David as a Florentine MetaphorDavid (c.1005–970 BC) was the second king of the united Kingdom of Israel. He is shown also as a warrior, musician and poet (he is traditionally credited with the authorship of many of the Psalms). David served as a metaphor for Florence during the Renaissance, because like the young king, Florence managed to keep away its formidable enemies with extraodinary might.
LINKS:Andrea del Verrocchio's David Restored
The Metropolitan Museum's A Masterwork of Byzantine Art
David and Goliath, 629–630, Silver.David's combat with Goliath. On the backs are the control stamps of the emperor Heraclius, who may have commissioned them to celebrate his victory over the Persians in 628–29, which resulted in the recapture of Jerusalem. During the war, it is said that Heraclius fought the Persian general Razatis in single-handed combat, an event which is perhaps evoked in the depiction of David's defeat of Goliath. From MMA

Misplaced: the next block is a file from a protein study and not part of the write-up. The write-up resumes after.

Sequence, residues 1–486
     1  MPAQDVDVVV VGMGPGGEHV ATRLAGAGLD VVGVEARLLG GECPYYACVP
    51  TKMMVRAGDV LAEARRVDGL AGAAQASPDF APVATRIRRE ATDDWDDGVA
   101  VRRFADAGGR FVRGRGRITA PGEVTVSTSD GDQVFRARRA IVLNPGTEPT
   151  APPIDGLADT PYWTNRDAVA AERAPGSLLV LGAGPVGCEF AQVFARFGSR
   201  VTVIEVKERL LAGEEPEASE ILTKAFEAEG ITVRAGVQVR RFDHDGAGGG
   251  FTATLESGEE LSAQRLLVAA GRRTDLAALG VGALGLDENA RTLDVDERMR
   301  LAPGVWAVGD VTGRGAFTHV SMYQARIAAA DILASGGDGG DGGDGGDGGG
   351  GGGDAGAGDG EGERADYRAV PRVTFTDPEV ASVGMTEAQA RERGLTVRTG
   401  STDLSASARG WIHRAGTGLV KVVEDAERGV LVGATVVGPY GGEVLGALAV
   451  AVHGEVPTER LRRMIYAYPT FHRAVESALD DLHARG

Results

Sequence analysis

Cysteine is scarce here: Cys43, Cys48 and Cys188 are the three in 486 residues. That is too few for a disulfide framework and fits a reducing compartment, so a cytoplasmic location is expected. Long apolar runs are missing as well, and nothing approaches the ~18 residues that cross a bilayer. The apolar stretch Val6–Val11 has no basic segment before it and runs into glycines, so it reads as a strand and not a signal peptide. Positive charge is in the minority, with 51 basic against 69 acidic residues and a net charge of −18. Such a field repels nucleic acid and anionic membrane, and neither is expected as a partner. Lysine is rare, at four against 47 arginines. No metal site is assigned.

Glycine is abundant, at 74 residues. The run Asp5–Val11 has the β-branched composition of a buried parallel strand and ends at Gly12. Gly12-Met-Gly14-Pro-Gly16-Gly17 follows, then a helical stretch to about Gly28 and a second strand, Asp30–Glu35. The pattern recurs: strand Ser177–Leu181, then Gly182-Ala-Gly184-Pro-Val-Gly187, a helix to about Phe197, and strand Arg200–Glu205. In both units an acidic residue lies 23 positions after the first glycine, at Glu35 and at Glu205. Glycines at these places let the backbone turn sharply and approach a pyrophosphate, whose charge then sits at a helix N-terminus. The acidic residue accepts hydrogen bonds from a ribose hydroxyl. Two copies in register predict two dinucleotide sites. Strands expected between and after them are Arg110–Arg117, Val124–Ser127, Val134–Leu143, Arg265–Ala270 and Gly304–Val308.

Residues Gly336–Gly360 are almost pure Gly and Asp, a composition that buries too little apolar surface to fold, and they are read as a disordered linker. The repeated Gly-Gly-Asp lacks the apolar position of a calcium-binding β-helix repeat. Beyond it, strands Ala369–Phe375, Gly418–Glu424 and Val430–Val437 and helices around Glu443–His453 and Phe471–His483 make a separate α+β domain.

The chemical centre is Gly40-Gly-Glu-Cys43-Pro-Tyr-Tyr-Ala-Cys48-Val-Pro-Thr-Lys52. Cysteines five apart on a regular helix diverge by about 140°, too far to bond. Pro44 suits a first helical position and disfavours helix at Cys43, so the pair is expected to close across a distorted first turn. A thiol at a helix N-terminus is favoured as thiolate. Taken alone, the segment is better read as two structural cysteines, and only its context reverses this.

Michelangelo paints himself as St. Bartholomew. Here we have Bartholomew witnessing the light of his God and taking a celestial seat.
Donato di Niccolò di Betto Bardi, aka Donatello, (c. 1386–1466), 1408-1409, Marble.
Donatello, c. 1430, Bronze.
Andrea di Michele di Francesco de' Cioni, aka Andrea del Verrocchio, (c. 1435 -1488), c. 1465, Bronze. The model for this sculpture is said to have been Andrea del Verrocchio's most famous student - Leonardo da Vinci.
Michelangelo Buonarroti (1475-1564), 1501, Marble.
Detail of above.
David and Goliath, Michelangelo Merisi da Caravaggio (1571-1610), 1601-1602, oil on canvas.
David with the Head of Goliath, Michelangelo Merisi da Caravaggio, c. 1609-1610, oil on canvas.
The head of Goliath may be a self-portrait. Compare to Michelangelo's self-portrait in the next image.
Detail of Michelangelo's Last Judgment, 1524, fresco.
David Slaying Goliath, Peter Paul Rubens (1577-1640), c. 1616, oil on canvas.